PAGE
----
While it is possible to have an allergic reaction to an amalgam filling, the incidence is rare.
What are amalgam fillings exactly?
As the name suggests, dental amalgam is a mixture of several compounds – namely mercury combined with silver, tin, zinc and copper.
Why might I be allergic to an amalgam filling?
A patient who is allergic to mercury or any of the other metal compounds in the amalgam may experience an adverse reaction if exposed over a long period of time.
What are the symptoms of an allergic reaction?
The reaction may present with or without pain but almost always manifests as redness or itching inside the mouth, similar to an allergic skin reaction. This redness is known as a contact lichenoid reaction (because the resulting lesion is shaped like the plant lichen). The cheeks and sides of the tongue are the most commonly affected sites.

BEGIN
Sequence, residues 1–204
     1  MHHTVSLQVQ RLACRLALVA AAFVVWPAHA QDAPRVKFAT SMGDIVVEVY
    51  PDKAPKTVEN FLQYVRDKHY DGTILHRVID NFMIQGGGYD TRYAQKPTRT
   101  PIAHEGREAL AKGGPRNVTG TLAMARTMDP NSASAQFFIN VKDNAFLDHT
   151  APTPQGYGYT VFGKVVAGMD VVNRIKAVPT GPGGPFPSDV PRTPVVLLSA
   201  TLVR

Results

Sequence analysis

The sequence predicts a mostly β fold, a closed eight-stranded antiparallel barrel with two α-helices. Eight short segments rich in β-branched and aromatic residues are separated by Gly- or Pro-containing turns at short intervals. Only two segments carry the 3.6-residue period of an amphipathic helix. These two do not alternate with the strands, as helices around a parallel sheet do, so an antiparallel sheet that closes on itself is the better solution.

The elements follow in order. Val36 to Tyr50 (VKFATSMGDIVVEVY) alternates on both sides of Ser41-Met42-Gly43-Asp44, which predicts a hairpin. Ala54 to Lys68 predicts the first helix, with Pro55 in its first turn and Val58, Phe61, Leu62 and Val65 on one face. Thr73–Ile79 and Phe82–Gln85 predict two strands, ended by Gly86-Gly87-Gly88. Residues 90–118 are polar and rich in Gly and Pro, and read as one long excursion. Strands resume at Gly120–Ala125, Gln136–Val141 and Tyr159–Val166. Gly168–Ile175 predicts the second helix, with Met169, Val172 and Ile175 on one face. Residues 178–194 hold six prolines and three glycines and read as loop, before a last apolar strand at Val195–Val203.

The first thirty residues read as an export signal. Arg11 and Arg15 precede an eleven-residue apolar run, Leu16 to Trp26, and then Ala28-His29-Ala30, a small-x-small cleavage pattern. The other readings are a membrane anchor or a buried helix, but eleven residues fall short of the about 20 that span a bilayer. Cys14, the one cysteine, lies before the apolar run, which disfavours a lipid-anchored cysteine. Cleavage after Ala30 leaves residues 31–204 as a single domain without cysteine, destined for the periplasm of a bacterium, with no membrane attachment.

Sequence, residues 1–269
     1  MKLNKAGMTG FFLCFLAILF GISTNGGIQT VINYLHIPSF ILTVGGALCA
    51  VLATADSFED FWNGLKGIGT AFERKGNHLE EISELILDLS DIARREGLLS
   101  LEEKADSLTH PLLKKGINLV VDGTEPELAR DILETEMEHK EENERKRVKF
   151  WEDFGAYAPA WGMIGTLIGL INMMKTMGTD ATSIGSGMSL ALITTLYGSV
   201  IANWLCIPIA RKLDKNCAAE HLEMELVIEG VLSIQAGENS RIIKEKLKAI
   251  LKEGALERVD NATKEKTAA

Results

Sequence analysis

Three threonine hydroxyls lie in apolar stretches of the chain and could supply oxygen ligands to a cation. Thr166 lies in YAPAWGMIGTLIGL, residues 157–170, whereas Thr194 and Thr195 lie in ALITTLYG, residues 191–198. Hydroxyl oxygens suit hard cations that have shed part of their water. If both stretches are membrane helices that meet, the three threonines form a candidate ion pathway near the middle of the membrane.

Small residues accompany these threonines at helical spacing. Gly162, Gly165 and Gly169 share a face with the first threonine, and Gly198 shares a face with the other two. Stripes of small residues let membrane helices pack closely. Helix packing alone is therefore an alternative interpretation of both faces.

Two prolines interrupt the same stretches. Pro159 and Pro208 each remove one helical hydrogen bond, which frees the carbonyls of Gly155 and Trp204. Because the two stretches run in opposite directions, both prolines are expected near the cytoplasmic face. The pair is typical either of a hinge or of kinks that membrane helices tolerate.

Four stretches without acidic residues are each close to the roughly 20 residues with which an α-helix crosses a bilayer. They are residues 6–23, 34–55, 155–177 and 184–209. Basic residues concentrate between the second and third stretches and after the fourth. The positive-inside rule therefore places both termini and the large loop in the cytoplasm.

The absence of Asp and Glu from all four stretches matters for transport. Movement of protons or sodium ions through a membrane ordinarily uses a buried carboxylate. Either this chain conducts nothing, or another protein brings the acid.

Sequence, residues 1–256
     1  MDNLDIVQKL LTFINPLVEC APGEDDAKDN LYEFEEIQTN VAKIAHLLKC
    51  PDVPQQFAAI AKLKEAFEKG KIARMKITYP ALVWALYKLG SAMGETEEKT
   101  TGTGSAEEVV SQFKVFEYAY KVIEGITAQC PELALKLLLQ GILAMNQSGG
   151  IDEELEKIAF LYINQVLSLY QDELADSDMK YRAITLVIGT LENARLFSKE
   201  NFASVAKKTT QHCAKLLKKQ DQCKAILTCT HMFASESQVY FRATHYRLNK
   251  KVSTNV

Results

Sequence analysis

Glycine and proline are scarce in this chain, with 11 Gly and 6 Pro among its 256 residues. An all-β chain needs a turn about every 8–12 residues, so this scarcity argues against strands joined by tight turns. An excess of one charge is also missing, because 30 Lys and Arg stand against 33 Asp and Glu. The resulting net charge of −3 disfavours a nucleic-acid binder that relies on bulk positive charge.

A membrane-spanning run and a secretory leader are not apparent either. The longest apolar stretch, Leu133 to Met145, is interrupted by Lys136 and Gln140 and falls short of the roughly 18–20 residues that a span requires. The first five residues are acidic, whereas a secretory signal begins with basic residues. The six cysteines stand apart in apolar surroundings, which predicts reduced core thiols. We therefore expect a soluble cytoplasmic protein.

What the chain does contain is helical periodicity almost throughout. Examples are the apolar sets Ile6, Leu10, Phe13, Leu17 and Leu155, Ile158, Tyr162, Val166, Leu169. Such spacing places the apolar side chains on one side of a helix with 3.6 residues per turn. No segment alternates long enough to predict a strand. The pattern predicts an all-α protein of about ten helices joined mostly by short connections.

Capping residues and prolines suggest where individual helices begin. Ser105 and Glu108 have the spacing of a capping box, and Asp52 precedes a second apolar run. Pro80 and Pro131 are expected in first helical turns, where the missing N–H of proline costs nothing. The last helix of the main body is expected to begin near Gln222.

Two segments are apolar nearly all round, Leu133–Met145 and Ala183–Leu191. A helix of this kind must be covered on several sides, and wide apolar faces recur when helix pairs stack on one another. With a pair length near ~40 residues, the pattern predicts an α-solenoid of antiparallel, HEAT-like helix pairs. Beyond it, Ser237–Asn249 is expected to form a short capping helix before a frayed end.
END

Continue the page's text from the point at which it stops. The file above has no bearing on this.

Similar symptoms might also be experienced when amalgam fillings are NOT the cause. For example, a broken filling with a sharp or rough surface is liable to cause a similar contact irritation. Non-contact lichenoid reactions are also possible – for example, after exposure to spicy foods, some toothpaste additives and preservatives, and some medications.
What should I do if I think I’m allergic?
If you suspect you are having an allergic reaction to an amalgam filling, your dentist can replace the filling using a tooth-coloured material called composite resin or one of other available filling materials.
Dr Alysha Soltys
General DentistBBiomed (Melb), DDS (Melb)